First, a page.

A recent survey of patients with cancer indicated that the coronavirus disease 2019 (COVID-19) pandemic may be impacting patients’ willingness to participate in cancer clinical trials. The survey results were published in a research letter in JAMA Oncology.

Survey participants were part of the American Cancer Society (ACS) Cancer Action Network’s Survivor Views panel, and they had received diagnoses of and/or treatment for cancer within the 5 years prior to the study. Survey questions related to attitudes around participation in clinical trials and in the context of the COVID-19 pandemic.

A total of 3054 participants were given surveys, and 933 (30.6%) responded. Approximately one-third (33.9%) of respondents had previously spoken with their physicians regarding clinical trials, and 20.6% of respondents had been offered participation in trials. The majority (78.1%) of those who had been offered trial participation had reportedly agreed to participate; ultimately, the clinical trial participation rate was 12.4% among respondents. Of respondents who had not been offered trial participation, 78.4% expressed a likelihood to enroll if given the opportunity.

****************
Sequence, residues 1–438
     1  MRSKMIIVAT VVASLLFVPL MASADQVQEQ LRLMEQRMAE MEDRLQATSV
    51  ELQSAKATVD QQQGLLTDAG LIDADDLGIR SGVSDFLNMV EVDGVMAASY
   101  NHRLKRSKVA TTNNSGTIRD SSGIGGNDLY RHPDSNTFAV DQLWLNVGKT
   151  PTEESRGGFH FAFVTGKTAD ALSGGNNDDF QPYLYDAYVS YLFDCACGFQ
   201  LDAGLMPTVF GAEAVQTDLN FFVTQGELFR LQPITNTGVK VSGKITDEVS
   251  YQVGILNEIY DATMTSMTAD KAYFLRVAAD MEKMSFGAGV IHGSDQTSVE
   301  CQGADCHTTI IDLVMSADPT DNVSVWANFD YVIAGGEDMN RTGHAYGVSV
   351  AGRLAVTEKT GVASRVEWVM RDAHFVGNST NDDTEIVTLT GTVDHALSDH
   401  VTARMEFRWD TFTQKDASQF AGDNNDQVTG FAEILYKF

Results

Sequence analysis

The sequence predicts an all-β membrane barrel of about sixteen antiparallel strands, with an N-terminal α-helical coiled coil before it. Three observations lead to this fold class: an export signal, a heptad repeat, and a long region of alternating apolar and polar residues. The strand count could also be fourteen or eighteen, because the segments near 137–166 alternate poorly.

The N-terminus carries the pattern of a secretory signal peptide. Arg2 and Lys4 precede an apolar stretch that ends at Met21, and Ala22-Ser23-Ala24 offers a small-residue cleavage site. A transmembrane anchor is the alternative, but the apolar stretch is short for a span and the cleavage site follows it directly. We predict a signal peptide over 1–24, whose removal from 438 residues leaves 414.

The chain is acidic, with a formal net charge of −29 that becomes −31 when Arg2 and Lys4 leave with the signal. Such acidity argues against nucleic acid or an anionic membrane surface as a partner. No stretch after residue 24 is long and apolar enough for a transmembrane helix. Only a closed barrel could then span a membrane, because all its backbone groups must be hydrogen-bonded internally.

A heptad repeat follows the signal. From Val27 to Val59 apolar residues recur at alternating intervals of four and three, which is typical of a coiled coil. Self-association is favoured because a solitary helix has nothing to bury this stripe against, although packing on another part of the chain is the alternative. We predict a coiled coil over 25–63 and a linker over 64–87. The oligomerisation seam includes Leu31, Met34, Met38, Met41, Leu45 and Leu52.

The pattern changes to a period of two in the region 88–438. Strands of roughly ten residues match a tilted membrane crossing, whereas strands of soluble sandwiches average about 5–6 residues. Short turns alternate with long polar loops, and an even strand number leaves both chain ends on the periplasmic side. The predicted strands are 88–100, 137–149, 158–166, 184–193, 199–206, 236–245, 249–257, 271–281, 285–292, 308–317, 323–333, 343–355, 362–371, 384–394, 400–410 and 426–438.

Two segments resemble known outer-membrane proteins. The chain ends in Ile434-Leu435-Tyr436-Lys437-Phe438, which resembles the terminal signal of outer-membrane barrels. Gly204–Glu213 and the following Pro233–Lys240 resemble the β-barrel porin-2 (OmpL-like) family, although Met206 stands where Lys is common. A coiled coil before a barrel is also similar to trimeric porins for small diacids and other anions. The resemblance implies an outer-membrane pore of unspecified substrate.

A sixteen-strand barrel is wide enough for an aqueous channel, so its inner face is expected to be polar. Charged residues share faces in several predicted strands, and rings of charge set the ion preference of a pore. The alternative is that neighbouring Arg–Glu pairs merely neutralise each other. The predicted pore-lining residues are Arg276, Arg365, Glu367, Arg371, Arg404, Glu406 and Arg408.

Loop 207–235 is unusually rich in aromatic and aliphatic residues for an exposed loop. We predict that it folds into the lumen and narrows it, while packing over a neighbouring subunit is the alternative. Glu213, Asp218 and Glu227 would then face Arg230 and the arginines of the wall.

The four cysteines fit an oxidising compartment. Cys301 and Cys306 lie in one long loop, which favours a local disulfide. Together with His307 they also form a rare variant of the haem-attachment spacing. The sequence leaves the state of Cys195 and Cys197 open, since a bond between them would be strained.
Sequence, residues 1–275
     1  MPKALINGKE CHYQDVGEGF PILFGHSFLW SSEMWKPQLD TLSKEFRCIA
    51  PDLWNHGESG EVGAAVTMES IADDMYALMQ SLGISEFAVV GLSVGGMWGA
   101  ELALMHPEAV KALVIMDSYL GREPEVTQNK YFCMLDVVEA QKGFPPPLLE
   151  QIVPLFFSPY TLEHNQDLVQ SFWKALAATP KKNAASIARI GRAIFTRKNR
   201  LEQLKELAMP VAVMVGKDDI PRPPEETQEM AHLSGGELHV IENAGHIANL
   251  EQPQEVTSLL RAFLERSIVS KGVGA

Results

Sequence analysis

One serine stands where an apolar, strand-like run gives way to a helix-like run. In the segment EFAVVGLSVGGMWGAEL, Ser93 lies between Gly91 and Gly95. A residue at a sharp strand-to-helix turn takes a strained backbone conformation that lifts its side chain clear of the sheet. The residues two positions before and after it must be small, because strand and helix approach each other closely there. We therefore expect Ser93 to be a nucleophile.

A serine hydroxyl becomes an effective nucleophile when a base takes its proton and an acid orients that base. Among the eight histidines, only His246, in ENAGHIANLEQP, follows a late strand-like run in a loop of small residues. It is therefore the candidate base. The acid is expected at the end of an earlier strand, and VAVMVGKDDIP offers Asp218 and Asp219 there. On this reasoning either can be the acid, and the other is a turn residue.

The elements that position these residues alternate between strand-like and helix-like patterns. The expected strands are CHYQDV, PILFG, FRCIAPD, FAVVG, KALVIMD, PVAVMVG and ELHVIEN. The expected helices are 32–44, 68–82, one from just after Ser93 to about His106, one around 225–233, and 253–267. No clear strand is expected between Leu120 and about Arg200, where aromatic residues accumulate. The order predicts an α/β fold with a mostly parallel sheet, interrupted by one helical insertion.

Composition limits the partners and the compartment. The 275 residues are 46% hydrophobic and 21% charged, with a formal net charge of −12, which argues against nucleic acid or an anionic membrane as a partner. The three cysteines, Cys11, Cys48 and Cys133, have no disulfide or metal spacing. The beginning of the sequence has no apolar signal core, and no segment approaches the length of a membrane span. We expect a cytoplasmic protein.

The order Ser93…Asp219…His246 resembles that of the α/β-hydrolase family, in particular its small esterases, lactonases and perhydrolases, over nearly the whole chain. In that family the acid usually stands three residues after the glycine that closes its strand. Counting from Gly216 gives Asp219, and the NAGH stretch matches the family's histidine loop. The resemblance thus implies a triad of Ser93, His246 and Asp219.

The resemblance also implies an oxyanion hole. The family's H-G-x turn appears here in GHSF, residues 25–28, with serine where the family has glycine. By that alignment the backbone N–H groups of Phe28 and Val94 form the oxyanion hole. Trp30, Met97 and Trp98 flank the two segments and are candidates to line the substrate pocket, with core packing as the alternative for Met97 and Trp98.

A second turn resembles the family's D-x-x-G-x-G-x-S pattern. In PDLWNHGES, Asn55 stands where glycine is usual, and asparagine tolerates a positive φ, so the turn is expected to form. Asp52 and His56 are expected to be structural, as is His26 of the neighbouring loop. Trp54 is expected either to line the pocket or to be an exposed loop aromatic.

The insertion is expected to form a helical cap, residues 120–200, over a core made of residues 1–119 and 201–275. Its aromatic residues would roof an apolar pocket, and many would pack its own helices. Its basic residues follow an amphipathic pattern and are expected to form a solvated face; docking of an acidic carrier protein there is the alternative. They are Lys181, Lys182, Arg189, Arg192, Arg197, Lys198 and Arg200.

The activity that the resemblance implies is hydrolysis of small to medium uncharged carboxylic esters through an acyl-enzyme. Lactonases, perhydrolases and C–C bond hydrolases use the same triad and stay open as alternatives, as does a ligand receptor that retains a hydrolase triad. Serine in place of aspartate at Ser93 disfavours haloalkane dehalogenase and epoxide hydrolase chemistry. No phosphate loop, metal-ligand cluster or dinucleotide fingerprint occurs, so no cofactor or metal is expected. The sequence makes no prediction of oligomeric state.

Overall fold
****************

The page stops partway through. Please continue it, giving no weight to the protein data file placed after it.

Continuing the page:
When asked about the impact of the COVID-19 pandemic on willingness to participate in a trial, 79.5% of 907 respondents suggested it made no difference. However, the other respondents were more than 7 times more likely to suggest the pandemic reduced their likelihood to participate in a trial. These response trends were generally consistent across a variety of patient groups, including among those who had previously agreed to participate in clinical trials.


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Respondents who were less likely to participate in a trial during the pandemic expressed concerns primarily in regard to increased risk of COVID-19 exposure (70.1%) and possible difficulty in accessing care in the setting of the pandemic (18.3%).

“Despite a strong predisposition to participate in clinical research, nearly one-fifth of patients with cancer reported that they would be less likely to participate in a trial because of fears surrounding COVID-19,” explained the researchers who conducted the survey.

Reference

Fleury ME, Farner AM, Unger JM. Association of the COVID-19 outbreak with patient willingness to enroll in cancer clinical trials. JAMA Oncol. 2021;7(1):131-132. doi:10.1001/jamaoncol.2020.5748

This article originally appeared on Oncology Nurse Advisor